I get to hug my son

Zebu in summer of 1998

Today is Zebu’s birthday and I’m feeling especially grateful. He (and our other son) spent their entire childhoods with Zippy and me and while those years certainly held challenges, we remained intact as a family. The four of us were never forced to seek asylum, we were never denied refuge, and our children weren’t ripped from their parents’ arms. That kind of unspeakable trauma was never part of our lives. Not because we’re exceptional or more deserving, but because we were fortunate enough to be born in the United States. That’s it. Sheer luck.

Today is Zebu’s birthday and I get to hug my son. I’m weeping for those who can’t.

We all scream for ice cream

I’ve spent the day cleaning my writing room and am getting close to being done. I have a definite “paper problem” and hold on to all sorts of unnecessary stuff which means it’s a relief when I find an expired coupon because . . . EASY DECISION!

I unearthed one gem, though. On the surface, it doesn’t appear to be anything special:

I was getting ready to put it in the donation pile when I turned to the last page.
Apparently, Zebu’s one and only favorite rhyme was:
Ice crem smis crem

Makes perfect rhyming sense to me and, in fact, Zebu and Zippy both immediately decoded the inventive spelling when I showed it to them.

(This reminded me of years ago when a friend was plotting a weekend getaway for the two of us and I reminded her of my responsibility to my young kids. Her reply? “Kids, schmids.”)

Who’s laughing now?

I’m in Florida with Zebu, visiting my mother (his grandmother). Today we went to the beach in Honeymoon Island State Park and I brought my camera in hopes of seeing lots of shorebirds and maybe a pelican or two. The only birds I saw were Laughing Gulls and I snapped a total of three photos.

When I saw this, I thought it was a freakish and somewhat unsettling image because it looks as if the head was pasted on another bird’s body. But when I showed it to Zebu (who doesn’t have a great appreciation for birds in general and even less appreciation for gulls because  of “their beady eyes and shifty behavior”) he thought it was a great shot.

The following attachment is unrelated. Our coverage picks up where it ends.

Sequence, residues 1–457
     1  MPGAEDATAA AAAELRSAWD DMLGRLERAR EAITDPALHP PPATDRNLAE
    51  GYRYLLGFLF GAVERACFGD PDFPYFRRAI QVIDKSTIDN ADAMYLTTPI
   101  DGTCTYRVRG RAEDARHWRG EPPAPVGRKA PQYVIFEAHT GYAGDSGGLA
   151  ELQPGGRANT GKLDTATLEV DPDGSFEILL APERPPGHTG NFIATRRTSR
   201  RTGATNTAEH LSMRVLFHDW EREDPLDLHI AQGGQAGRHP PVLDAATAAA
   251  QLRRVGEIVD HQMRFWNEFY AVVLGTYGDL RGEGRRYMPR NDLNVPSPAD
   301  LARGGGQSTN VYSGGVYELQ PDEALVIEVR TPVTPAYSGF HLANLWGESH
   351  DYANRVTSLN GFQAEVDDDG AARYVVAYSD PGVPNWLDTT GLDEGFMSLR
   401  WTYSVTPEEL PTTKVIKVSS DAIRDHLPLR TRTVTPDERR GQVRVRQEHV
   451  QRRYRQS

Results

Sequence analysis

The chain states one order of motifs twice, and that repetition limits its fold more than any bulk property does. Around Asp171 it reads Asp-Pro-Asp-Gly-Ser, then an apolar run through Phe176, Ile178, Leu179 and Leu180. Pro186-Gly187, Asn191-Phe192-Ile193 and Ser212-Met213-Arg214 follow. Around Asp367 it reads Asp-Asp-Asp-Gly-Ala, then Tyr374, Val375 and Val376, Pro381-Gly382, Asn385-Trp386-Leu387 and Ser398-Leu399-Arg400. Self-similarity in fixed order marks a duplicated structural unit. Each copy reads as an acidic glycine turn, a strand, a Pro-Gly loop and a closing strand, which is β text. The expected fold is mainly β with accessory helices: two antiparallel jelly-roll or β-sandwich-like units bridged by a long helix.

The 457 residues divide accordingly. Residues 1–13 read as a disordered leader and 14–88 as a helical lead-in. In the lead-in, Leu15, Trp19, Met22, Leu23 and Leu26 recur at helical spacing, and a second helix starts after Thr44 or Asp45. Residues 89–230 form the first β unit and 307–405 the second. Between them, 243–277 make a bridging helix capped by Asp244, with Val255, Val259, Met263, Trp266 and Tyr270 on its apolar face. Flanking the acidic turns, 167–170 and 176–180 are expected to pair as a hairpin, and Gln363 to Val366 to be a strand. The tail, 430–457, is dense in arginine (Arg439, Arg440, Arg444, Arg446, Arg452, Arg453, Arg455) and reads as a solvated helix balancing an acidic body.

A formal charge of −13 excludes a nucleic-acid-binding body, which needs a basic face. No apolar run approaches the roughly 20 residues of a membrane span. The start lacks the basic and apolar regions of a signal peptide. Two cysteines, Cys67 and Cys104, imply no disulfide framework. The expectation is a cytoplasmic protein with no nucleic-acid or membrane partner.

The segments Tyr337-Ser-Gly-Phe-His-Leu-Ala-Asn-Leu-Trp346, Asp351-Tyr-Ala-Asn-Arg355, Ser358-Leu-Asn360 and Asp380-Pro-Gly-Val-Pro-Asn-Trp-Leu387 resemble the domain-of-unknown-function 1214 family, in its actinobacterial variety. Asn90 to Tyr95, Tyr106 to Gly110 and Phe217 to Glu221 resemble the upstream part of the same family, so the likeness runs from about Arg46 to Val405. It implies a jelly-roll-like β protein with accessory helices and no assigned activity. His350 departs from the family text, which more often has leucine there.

Go figure.

Tree Legacy

Give fools their gold, and knaves their power; let fortune’s bubbles rise and fall; who sows a field, or trains a flower, or plants a tree, is more than all.
~ John Greenleaf Whittier

Happy day to me

I’m so happy Zebu’s graduation weekend coincided with Mother’s Day because Wildebeest came back to help celebrate his brother’s milestone. We haven’t all been together since January.

Here we were on Friday.  The sun didn’t shine much that afternoon, but the happy, proud, and goofy smiles from everyone on the CU-Boulder campus lit up the place.

One year ago

Last year at this time Zippy and I were in Uppsala, Sweden, visiting our son Zebu. He took us to his favorite place to fika. In Sweden, everyone takes a daily coffee (and pastry) break with friends, family, colleagues, fellow students, etc.  Unfortunately, we went during a non-fika time so the place was empty. Still, it was easy to imagine the rooms filled with students drinking coffee and eating enormous cinnamon buns.

As I write this, Zebu is in Colorado finishing up his third final final-exam. He graduates later this week and one of my hopes for his future is that he always makes time for such a mid-day break. Fika strikes me as a very sensible path to health and happiness.

Oh baby baby it’s a wild world